community there, including folks from the state department, the fbi, everybody there was asked, do you know who made these changes and nobody knew. the only entity that reviewed the talking points that was not there was the white house. so, you know, i don't know whether -- what they said yesterday is exactly right or not. but, what i do know is that every member of the intelligence community says that references to al qaeda were removed by somebody, and they don't know who and references to attacks versus demonstrations, were... >> chris: let me ask you a question. will your committee, the senate intelligence committee, call ambassador susan rice to ask her to testify? >> i don't know the answer to that question right now, senator feinstein and i will talk about that. two more hearings are scheduled -- >> should she be called. >> she'll have to come in and testify at some point. whether it is in a closed hearing or an open hearing. we're going to have an open hearing, too. but at some point she needs to come in and say what the president or the white house directed her to say. >> chris: se
or important classified material, is that clear or not? >> so far the f.b.i. seems per satisfied that david petraeus didn't leak any. again, he is saying he didn't give her any classified material. they found classified material on her computer. no matter what that classified material is, and believe me, the military in particular classifies everything including weather reports, whatever it is, it is illegal to take classified material home, to have it on your home computer. you just can't do that. and you saw the f.b.i. agents this week, earlier this week go to her home, take out all sorts of boxes. i'm sure they will look at all that and examine that. >> can we go back to the soap opera? general allen emails what -- >> what is going on there? >> much better, i have to admit. >> what is in those emails? >> those emails, you know, it started out with great drama this week. i think it was about 1:00 in the morning and leon panetta was traveling somewhere and you get electronic email saying that general allen is going to be investigated, the man in charge of the war in afghanistan and lots of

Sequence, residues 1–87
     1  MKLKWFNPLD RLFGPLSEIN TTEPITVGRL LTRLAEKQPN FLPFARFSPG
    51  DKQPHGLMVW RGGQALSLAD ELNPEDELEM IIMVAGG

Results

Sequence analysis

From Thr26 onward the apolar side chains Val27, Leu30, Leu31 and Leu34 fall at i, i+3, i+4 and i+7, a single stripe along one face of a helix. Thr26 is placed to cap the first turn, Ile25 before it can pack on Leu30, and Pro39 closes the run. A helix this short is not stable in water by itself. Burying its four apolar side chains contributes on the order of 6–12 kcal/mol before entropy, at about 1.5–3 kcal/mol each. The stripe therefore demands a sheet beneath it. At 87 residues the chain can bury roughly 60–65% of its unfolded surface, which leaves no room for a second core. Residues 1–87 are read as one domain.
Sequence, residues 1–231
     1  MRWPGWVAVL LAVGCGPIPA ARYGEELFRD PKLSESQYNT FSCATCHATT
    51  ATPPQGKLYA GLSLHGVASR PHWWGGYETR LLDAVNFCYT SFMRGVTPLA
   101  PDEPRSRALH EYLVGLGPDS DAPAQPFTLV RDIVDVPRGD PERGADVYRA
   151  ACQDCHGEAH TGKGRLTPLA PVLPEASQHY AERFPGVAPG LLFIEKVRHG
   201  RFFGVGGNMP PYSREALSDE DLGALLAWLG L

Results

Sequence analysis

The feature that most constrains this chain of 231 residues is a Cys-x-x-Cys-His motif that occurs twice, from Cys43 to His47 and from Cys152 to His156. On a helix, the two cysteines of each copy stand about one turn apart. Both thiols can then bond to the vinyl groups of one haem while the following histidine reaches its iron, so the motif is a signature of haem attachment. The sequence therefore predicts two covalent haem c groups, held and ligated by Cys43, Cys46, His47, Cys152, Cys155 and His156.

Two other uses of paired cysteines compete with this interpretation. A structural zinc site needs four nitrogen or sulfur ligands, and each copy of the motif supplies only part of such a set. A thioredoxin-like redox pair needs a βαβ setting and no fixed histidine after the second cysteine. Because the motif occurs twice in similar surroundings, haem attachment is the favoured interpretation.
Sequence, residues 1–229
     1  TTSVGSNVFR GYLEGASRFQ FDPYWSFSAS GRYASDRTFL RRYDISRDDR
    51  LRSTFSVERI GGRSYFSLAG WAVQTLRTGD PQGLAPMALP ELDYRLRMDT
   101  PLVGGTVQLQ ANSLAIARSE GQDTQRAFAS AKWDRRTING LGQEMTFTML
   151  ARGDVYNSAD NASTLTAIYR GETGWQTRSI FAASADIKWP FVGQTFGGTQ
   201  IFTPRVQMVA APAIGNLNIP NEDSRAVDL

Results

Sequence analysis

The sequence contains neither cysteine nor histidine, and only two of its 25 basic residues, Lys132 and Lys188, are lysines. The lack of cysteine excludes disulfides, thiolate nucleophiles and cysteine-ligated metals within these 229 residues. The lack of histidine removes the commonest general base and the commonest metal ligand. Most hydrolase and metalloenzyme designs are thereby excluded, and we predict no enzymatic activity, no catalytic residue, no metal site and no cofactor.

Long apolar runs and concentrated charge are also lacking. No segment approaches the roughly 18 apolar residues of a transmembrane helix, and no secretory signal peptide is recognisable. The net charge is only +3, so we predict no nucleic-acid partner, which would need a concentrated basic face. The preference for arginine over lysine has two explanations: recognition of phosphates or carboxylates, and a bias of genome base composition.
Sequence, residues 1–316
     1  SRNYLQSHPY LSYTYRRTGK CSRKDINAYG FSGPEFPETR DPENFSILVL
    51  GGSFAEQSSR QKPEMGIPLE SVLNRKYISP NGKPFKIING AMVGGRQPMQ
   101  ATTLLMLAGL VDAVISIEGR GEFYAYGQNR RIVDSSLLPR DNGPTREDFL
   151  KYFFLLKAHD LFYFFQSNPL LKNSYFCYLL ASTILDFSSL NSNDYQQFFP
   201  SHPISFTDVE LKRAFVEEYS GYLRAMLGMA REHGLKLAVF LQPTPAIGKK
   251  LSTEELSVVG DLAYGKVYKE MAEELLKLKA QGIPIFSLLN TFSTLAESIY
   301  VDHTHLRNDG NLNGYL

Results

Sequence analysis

allen's predecessor in afghanistan, david petraeus. fbi investigators you be covered what the pentagon called potentially inappropriate communications between general allen and jill kelley whom he and his wife had gotten to know in tampa. they were reviewing between 20,000 and 30,000 pages of documents, including e-mails over two years. the fbi said some were flirtatious, but the general strongly denies any misconduct, and the fbi found no wrongdoing. still, jay johnson, the pentagon's general counsel, saw a number of the e-mails before advising secretary panetta to refer the matter to the department's inspector general for further investigation. >> nobody should jump to conclusions here. general allen is doing an excellent job in isap in leading the forces, and he certainly has my continued confidence in leading our forces and continue the fight. >> reporter: officials say the fbi discovered the communications while investigating kelley's e-mails after she complained about anonymous threats that turned out to be from paula broadwell. the president was first told on friday, the day he